Tesla has started to officially move to expand Gigafactory Berlin on a new 250-acre lot with the submission of the construction plan to the municipality.
The automaker has just started production at the factory, and it is still having issues ramping things up, but that’s not stopping the company from already expanding the plant.
Tesla has ambitious plans for Gigafactory Berlin that includes more vertical integration to limit its exposure to supply chain issues and a ramp-up of vehicle production to eventually 1 million units.
As we reported earlier this month, Tesla has been looking to acquire a 100-hectare (~250 acres) parcel of land next to its existing property at Gigafactory Berlin. The factory currently sits on about 300 hectares that Tesla acquired for the giant manufacturing project already constructed over the last few years.
Now local paper RBB reports that the expansion has officially started this week with the submission of the expansion application with the municipality (translated from German):
The planned expansion of the Tesla plant in Grünheide (Oder-Spree) officially started on Wednesday. According to rbb information, the US electrical manufacturer is planning to expand its area in the east by around 100 hectares. However, the development plan (B plan) for this area must be changed for this. The US electric car manufacturer Tesla has now submitted an application, as the mayor of Grünheide, Arne Christiani (independent), confirmed: “The municipality of Grünheide has submitted an application to initiate a B plan procedure in the immediate vicinity of the current 300 hectares get a big B plan.”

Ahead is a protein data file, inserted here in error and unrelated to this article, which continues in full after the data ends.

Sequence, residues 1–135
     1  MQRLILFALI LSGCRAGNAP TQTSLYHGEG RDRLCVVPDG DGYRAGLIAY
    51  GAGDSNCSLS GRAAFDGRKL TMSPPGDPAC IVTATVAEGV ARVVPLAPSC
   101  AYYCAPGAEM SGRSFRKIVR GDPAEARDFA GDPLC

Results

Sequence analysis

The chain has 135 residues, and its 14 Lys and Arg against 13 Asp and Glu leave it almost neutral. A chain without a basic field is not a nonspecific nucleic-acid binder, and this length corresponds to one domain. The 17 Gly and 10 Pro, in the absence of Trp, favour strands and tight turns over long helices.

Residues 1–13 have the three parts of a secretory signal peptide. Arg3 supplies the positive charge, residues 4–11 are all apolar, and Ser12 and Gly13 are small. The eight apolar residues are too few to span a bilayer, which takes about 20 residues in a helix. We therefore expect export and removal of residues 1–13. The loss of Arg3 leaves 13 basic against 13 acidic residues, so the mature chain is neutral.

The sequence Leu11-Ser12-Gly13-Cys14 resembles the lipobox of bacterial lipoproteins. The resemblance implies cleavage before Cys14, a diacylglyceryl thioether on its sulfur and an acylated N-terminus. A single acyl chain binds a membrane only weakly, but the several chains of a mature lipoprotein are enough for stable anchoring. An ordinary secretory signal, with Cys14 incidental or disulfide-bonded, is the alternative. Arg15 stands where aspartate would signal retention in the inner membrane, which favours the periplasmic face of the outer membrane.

The council is expected to weigh in on the matter as soon as next week, and if we are to believe the mayor, it sounds like it’s going to be a formality and the expansion should move ahead.
However, he believes that not unlike the first phase of the project, the official approval is likely to take about a year. In the meantime, Tesla is still working on ramping up Model Y production at the factory, but we hear that there are still some major bottlenecks, especially in the new paint shop.
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Author: Fred Lambert